Whilst I suspect that we're invited more as bit players to put on a good show for the visiting bigwigs, this is a real missed opportunity for the Forum which is in danger of devaluing the potential for business between the two economies (as well as the individual contributions that could be made from around the room). I'm not suggesting that the Forum charges for lunch but they should seek a premium of some sort even if that's by way of purposeful dialogue.

In the same vein, there's an ad that runs on local radio here that insists that good advice should be 'free, free, free'. Unsurprisingly, I don't agree. I can't recall what they're promoting - and even if I did I'm not sure I'd tell you as I'd hate to think that I somehow gave those clowns more publicity - but it's expertise of one kind or another. Free expertise.

I find that free advice is usually ignored as the one receiving it puts no value on it. And although it sometimes seems a clever way to attract new business, it almost always results in a lop-sided relationship where it's more give-than-take for the business owner. Which leads in turn to the resentment, begrudgery and corner-cutting that leaves neither party truly happy. It's one of the reasons we at Islandbridge don't participate in tender applications that usually amount to nothing more than free consulting.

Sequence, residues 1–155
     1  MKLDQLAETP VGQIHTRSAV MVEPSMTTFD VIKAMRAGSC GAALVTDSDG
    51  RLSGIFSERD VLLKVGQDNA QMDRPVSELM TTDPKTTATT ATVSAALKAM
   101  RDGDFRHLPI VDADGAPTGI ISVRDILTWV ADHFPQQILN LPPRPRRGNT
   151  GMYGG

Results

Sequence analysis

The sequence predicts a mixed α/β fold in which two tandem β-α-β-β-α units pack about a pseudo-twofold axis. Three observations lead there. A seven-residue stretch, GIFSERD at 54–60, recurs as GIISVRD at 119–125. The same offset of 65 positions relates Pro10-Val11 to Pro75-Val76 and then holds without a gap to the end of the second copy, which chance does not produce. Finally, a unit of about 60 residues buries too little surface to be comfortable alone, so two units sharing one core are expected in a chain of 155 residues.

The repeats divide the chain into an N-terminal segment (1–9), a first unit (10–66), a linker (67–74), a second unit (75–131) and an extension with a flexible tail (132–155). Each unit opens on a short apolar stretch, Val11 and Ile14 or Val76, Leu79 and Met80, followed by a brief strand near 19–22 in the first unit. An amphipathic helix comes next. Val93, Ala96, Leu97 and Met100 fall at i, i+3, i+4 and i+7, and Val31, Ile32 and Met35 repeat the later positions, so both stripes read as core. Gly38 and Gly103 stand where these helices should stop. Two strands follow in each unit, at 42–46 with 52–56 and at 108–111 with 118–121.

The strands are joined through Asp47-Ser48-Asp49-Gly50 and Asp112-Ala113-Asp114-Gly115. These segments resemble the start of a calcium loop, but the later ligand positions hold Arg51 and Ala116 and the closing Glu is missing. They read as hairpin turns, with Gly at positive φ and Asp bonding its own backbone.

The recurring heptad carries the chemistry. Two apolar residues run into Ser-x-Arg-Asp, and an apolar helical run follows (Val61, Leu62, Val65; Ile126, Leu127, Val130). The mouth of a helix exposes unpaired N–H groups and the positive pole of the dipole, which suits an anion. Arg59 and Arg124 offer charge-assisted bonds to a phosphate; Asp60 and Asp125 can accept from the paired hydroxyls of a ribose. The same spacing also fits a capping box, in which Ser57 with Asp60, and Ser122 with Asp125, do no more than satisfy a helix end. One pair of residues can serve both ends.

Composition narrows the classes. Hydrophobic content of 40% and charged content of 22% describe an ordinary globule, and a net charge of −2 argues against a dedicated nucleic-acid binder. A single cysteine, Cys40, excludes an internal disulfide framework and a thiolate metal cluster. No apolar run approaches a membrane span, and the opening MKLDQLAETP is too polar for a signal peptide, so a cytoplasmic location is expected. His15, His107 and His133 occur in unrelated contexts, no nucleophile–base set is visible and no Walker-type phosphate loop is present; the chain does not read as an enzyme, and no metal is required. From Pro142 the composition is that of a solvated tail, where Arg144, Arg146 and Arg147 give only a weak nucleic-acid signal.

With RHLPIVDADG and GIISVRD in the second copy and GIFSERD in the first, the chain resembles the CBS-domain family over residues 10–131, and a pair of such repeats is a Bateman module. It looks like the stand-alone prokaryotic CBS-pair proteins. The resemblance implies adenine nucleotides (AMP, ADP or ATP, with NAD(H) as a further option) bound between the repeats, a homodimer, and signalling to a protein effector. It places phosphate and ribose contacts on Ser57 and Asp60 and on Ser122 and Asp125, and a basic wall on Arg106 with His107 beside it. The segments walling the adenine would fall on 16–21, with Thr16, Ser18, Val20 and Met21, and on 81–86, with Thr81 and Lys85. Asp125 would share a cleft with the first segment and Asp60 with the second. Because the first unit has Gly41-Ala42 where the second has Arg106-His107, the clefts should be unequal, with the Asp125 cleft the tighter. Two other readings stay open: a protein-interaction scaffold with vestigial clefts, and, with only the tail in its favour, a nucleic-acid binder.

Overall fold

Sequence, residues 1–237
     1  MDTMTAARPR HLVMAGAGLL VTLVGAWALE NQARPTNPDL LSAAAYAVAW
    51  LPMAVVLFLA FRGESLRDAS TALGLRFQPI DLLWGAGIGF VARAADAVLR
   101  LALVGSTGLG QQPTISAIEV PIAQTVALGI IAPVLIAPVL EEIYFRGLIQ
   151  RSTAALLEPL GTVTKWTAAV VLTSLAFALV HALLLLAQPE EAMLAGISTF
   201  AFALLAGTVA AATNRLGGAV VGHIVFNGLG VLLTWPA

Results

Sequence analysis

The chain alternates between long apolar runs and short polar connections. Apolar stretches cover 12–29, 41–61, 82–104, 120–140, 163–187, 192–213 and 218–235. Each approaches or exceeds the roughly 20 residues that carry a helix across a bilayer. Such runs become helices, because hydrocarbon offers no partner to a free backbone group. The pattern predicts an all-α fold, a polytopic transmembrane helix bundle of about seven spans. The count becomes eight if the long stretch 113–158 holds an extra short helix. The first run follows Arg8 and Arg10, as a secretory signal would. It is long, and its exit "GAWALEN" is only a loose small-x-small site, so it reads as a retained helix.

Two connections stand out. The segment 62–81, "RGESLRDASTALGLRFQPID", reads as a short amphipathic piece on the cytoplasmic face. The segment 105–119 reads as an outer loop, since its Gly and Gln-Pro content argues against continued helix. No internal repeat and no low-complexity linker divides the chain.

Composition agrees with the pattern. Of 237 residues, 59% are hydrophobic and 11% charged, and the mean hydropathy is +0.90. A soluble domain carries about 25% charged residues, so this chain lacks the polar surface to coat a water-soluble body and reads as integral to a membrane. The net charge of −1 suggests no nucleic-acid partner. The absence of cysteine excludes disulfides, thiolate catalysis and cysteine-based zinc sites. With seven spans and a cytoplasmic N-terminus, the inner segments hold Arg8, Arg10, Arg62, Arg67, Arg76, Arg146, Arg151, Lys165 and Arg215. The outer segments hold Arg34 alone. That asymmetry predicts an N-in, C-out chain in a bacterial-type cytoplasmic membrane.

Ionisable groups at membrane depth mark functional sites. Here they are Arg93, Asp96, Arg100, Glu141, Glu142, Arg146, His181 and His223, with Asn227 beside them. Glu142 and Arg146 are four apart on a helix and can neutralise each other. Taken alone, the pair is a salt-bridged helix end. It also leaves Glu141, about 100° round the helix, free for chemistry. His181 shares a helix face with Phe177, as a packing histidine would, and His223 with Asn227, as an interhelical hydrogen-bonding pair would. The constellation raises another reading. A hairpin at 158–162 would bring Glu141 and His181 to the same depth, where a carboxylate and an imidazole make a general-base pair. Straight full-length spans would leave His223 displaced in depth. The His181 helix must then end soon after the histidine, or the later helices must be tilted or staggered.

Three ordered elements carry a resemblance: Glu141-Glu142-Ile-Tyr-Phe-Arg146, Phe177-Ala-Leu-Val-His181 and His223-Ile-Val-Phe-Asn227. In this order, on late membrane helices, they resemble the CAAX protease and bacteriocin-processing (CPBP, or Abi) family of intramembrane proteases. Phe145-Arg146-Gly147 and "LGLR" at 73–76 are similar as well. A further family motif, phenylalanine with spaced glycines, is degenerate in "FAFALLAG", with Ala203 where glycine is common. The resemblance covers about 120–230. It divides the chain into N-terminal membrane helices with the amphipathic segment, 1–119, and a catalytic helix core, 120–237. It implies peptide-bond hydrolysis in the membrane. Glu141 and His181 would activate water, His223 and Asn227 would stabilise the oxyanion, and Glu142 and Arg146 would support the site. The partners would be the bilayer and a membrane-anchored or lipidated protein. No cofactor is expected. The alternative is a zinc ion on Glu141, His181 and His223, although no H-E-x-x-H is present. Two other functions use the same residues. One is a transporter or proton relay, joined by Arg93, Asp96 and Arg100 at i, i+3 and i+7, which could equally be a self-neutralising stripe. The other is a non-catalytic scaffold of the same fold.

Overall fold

When it comes down to it, there's no such thing as a free lunch. Someone somewhere has to pay for it.

The music group Radiohead know this. They're releasing an album In Rainbows and inviting buyers to pay what they want for it (queries on 'how much?' are answered with 'It's up to you' and follow up queries with 'No really, it's up to you') which has led to some in the press suggesting that they're giving it away for nothing. But it's not for free. Radiohead are tapping into the deeply respectful relationship which they enjoy with their fans and it's no surprise to learn that the average price being paid for the album download is US$10. The Radiohead fan knows that nothing of any worth is for free and the group's confidence in the goodwill of their fanbase looks like being rewarded (in addition to attracting heaps of well-deserved publicity).

So don't fool yourself that you can offer a free lunch and get away with it. Even though a generous invitation to dine or take advice at your expense is always tempting, the issue of perceived value must be tackled by the brand-owner as it sits right at the heart of the positioning of the brand in its market. If left ignored, it can quickly devalue the business in the eyes of the customer and leave the owner out of pocket, resentful and feeling like a mug.